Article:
I had an interesting experience. I was in Singapore at the BWA Youth Conference and invited to do a break-out session, but it was really just a break-out session of conversation with the President of BWA.
I had no idea of where the conversations would go but for an hour, hour and a half really, we talked about whatever anybody in the group, about 200 came, wanted to talk about.
But the thing that dominated our conversation actually came from Africa. And this is how they introduced what they wanted to talk about.
They said, “What does autonomy mean to those of you who live in North America, because your understanding of autonomy has such a cultural wrapping around it that when you bring that to Africa, you are destroying the churches in Africa with that concept. And as we study North America, it looks like its destroying the church of North America as well.”
So we unwrapped that for a good while in our conversation. And Asia joined in that conversation and South America joined in that conversation. It was really one of the most interesting conversations I’ve been in because I’ve never thought that as a Baptist that my understanding of autonomy was culturally wrapped.
But as we discussed it dawned on me that Baptists in North America, particularly here in Virginia, we got our birthing right in the middle of the American Revolution. So our understanding of autonomy has a very independent feel to it; that I can independently do whatever it is I want to do regardless of anybody else. I use the word autonomy but I use it, as my African friend said, almost synonymous with the word independent.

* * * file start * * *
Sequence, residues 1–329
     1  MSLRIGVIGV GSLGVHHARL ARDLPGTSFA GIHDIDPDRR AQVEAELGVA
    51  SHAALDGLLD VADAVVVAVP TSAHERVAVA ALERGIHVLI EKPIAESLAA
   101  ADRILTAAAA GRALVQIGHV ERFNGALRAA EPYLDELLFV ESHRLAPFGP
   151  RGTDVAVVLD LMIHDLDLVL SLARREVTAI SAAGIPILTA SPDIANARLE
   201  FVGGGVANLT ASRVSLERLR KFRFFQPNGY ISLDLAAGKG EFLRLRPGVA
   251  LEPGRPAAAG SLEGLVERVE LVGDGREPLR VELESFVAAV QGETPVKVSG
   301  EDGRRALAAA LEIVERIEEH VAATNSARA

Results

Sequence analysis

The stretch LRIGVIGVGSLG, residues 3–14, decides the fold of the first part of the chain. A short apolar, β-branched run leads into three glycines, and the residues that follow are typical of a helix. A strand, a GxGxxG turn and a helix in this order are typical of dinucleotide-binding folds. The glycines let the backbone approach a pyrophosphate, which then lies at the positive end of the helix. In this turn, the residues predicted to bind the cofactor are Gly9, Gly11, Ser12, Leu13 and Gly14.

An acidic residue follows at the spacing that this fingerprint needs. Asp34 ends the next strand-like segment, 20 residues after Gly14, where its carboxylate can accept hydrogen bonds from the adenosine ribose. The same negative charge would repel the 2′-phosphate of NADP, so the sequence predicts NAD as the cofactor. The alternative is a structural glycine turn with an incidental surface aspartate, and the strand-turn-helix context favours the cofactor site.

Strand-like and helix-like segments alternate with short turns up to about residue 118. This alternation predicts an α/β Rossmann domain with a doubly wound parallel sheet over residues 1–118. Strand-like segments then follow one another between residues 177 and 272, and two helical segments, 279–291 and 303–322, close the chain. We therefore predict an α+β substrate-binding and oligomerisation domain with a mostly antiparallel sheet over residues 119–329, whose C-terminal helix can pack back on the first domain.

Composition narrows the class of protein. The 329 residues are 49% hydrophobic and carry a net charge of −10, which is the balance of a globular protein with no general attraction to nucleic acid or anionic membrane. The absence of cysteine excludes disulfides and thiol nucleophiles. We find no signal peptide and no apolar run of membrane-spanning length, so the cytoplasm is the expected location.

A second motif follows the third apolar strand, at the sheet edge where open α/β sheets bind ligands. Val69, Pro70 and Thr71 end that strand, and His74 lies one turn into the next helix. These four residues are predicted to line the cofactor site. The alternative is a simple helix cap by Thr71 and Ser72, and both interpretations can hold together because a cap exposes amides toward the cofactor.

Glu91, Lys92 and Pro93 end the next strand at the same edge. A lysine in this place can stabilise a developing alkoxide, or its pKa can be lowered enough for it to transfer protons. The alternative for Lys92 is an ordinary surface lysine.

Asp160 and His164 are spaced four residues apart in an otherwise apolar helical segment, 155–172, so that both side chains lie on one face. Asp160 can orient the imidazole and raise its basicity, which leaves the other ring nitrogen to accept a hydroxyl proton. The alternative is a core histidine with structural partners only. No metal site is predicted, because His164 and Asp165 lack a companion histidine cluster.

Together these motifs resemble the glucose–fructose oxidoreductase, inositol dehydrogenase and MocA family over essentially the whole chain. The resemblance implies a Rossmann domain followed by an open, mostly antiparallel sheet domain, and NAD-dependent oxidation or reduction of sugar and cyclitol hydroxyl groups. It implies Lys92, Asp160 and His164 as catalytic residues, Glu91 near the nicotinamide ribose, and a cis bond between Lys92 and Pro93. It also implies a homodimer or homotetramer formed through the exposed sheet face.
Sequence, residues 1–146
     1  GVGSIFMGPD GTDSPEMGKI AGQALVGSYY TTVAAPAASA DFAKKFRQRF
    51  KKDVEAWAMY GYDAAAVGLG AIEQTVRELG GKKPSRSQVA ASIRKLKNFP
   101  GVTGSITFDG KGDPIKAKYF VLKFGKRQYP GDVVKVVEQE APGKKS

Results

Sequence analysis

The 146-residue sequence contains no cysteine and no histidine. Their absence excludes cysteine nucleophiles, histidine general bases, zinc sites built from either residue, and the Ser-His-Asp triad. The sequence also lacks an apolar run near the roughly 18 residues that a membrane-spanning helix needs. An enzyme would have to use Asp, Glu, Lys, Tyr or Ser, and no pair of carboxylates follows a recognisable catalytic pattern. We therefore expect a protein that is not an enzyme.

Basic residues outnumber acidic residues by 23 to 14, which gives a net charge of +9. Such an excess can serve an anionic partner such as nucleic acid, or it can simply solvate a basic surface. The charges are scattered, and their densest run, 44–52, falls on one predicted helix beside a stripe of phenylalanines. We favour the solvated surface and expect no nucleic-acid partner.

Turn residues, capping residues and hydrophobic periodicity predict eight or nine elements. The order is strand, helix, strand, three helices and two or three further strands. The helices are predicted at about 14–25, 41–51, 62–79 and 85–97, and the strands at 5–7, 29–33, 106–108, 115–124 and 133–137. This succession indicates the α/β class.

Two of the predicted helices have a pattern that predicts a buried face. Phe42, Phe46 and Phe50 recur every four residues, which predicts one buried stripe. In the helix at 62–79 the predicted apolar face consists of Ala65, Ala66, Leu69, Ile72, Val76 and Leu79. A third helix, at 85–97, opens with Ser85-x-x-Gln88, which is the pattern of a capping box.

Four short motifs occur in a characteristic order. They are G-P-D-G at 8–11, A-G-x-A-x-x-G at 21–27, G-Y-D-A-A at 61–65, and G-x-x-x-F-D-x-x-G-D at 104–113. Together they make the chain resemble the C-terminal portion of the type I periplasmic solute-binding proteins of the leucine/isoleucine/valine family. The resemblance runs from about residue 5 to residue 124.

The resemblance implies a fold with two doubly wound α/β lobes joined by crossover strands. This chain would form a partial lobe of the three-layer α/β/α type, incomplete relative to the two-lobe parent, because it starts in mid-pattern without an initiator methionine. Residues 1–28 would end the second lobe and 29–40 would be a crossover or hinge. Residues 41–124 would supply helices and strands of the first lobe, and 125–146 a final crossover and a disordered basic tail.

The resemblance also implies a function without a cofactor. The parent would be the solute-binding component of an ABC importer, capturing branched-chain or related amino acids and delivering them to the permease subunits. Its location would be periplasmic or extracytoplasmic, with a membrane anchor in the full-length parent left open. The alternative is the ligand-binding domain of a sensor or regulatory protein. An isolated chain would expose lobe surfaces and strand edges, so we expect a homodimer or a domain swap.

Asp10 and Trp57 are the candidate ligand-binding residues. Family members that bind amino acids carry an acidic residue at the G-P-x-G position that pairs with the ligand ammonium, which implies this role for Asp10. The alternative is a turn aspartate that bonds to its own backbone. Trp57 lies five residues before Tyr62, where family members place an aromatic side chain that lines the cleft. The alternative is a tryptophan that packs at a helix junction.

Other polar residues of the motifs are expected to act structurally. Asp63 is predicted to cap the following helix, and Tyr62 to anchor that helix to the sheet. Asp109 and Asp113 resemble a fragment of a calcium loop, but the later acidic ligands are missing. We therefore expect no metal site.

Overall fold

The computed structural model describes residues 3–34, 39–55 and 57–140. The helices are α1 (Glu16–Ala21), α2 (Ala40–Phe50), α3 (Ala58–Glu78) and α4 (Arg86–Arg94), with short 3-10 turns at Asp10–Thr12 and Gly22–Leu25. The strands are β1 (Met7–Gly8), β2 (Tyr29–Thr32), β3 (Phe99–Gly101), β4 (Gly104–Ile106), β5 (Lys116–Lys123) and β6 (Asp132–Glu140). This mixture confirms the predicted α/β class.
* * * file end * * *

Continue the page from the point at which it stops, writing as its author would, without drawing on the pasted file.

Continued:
Now in Europe it’s a little softer because their concept of autonomy got birthed in the French Revolution, where you had liberty, equality and fraternity as the theme of that revolution. So it wasn’t quite as independent; it had some fraternal aspect to the understanding of autonomy.
But in the US our understanding of it is “Don’t tread on me,” while in Europe it had a sense of fraternity. But what that has done to us, according to my African friends, is all it does is fragment us.
I said, “Well, what does autonomy mean to you in Africa? How is that culturally wrapped for you; because we all live in culture.”
He said, “Well, in my culture I am autonomously free to the degree that you’re free, and to the degree that you’re free, I’m autonomously free. My autonomy isn’t independent. My autonomy is interdependent. And when you bring that independence in, you fragment our churches and we lose our community, something we’ve held as a treasure for hundreds of years.”
I came away wondering if maybe we in North America, we need to look at what does it mean to be autonomous. Because all we’re doing is fragmenting into smaller and smaller and smaller pieces as the Body of Christ.
That is not scriptural. There’s only one Body of Christ. How do we find ourselves in community again? Autonomous but united. I think that’s a challenge for dialog that we need to reengage.